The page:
Compound Interest Calculator template

Explore how your savings and investment account balances can increase through the power of compound interest.

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How to use this compound interest calculator

Experiment with your calculations both with and without a monthly contribution. This could range from $5 to $200, depending on what you can afford.

What is compound interest?

Compound interest is the interest earned on both the original amount of money and the accumulated interest. It allows savings to grow more rapidly over time.

In an account that pays compound interest, such as a standard savings account, the returns are added to the original principal at the end of every compounding period, commonly daily or monthly. Each time interest is calculated and added, the balance increases. Consequently, more interest is earned in the next compounding period.

For instance, if you deposited $10,000 into a savings account with a 4% annual yield, compounded daily, you would earn $408 in interest in the first year, $425 in the second year, an additional $442 in the third year, and so forth. After 10 years of compounding, your total interest earnings would be $4,918.

However, this is just an example. For long-term savings, there are better options than savings accounts, such as Roth or traditional IRAs and CDs.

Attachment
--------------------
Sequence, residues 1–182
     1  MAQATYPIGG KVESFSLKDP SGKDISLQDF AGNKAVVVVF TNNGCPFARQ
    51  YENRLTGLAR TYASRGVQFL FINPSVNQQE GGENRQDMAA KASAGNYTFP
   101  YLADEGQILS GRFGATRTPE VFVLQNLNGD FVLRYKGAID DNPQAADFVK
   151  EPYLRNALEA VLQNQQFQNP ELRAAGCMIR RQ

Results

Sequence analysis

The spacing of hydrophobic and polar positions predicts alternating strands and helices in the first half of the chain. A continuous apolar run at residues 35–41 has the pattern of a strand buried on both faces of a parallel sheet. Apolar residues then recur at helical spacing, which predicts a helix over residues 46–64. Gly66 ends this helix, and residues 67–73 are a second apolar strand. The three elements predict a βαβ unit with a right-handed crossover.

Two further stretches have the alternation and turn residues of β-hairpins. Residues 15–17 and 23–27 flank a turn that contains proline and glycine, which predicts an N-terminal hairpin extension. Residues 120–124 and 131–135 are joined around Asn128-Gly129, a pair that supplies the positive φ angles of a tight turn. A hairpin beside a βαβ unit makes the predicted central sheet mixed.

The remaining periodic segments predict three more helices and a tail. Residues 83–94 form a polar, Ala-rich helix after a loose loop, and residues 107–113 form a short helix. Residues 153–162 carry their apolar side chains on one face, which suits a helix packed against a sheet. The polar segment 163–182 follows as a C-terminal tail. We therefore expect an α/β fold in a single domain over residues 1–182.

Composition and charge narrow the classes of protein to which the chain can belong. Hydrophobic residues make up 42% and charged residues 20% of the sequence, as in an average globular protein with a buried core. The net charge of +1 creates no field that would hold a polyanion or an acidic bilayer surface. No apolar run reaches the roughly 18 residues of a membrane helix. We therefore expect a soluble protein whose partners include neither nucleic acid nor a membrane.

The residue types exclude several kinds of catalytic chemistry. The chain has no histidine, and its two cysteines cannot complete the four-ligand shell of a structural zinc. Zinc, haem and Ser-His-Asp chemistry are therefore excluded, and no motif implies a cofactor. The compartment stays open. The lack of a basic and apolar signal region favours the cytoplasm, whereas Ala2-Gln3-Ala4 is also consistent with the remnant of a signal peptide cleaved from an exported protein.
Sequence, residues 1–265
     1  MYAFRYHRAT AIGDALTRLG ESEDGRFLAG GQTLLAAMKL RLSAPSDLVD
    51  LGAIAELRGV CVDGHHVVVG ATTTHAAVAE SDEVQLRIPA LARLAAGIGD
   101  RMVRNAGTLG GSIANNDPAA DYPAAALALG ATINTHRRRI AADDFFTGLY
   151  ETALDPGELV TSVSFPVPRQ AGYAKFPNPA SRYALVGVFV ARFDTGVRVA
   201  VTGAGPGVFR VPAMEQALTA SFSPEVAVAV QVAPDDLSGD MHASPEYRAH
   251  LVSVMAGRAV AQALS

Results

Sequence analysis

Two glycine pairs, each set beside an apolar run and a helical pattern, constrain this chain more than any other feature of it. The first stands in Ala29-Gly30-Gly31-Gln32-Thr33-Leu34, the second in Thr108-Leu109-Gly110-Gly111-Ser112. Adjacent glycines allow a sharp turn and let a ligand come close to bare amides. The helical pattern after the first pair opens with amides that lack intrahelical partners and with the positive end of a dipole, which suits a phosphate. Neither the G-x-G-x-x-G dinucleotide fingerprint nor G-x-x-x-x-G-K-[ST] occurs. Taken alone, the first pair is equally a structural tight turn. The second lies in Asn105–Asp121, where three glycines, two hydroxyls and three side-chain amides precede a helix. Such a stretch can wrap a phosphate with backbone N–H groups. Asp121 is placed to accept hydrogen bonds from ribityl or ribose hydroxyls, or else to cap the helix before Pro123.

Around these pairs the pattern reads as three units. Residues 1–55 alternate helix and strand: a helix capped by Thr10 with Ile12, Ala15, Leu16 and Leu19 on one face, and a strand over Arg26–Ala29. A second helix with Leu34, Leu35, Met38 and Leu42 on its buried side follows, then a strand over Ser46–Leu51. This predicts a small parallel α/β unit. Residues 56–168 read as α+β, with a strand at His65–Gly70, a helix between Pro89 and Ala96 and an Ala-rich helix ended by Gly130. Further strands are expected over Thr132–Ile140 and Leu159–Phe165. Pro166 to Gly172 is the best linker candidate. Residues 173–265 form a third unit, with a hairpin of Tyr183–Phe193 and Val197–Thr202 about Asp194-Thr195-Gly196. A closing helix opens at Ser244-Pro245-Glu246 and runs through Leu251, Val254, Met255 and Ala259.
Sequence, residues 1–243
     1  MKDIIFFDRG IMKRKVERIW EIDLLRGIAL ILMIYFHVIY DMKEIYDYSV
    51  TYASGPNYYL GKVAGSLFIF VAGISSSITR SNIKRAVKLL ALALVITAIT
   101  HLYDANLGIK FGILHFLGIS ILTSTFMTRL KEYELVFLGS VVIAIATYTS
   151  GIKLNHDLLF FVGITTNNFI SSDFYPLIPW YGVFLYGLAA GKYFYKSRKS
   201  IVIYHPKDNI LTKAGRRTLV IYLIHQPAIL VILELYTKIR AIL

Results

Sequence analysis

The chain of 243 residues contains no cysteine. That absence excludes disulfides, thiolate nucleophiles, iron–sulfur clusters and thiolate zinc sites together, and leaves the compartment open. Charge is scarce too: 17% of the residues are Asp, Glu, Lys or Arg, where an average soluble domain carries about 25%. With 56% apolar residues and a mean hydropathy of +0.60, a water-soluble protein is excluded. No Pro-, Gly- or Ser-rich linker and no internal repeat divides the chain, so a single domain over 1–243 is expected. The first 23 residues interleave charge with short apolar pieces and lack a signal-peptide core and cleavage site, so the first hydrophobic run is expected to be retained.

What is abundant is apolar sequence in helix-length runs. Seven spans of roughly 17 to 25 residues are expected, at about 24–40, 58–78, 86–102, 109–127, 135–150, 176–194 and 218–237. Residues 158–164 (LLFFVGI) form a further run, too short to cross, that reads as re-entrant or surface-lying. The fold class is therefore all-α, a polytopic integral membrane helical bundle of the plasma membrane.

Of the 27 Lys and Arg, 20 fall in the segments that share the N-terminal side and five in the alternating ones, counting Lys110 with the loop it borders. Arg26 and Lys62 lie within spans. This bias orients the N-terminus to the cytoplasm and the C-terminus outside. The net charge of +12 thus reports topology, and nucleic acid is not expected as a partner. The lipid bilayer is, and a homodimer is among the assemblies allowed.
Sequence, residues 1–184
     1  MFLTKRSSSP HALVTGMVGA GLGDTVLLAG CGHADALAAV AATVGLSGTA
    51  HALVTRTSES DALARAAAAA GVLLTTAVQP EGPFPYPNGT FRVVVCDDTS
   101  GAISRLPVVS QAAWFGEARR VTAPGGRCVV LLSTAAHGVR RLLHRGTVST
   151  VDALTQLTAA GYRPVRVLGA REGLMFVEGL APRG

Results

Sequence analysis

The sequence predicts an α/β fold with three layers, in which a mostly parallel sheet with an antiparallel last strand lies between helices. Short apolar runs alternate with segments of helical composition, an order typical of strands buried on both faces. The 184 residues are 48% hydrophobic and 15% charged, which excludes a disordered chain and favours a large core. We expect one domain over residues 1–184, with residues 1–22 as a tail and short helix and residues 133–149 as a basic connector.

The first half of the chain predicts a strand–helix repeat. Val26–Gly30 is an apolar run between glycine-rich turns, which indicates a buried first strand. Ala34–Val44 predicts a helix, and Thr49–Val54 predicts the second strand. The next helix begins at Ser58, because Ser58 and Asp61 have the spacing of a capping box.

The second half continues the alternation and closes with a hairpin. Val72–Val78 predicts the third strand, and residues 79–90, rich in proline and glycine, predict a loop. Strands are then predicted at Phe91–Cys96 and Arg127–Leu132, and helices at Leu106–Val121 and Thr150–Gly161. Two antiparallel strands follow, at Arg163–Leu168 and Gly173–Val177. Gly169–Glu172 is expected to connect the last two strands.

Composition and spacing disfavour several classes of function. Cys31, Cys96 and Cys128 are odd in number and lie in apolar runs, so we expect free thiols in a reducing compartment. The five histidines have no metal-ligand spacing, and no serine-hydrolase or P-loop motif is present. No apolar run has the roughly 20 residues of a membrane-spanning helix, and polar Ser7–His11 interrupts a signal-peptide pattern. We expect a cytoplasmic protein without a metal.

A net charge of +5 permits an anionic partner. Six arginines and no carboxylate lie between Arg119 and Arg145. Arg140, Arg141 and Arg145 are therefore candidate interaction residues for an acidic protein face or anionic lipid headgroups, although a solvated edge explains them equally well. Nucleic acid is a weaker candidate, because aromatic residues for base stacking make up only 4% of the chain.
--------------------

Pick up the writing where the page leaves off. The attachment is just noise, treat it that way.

Compounding investment returns

Investing in the stock market doesn't yield a fixed interest rate. Instead, your return is based on the change in the value of your investment. When your investment's value increases, you earn a return.

If you keep your money, including returns, invested in the market, these returns compound over time, similar to how interest compounds.

For instance, if you invested $10,000 in a mutual fund and it yielded a 6% return that year, you would gain $600, making your investment worth $10,600. If you had an average 6% return the next year, your investment would be worth $11,236.

Over time, this can significantly increase your wealth. If you kept that money in a retirement account for 30 years and earned an average 6% return, your $10,000 would grow to more than $57,000.

In reality, investment returns fluctuate from year to year and even day to day. Short-term, riskier investments like stocks or stock mutual funds may lose value. However, history shows that a diversified growth portfolio can yield an average annual return of 6%. Investment returns are usually represented as an annual rate of return.

Compounding can help achieve your long-term savings and investment goals, especially if you allow it to work over years or decades. It can result in earning significantly more than your initial investment.

Compounding with additional contributions

Compound interest can significantly boost your savings, but reaching your goals also requires regular contributions.

Revisiting the savings account example, we initially had $10,000 and accumulated $4,918 in interest after 10 years in an account with a 4% annual yield. However, if you deposit an additional $100 each month into your savings account, the total after 10 years, with daily compounding, would be $29,648. The interest earned would amount to $7,648 on total deposits of $22,000.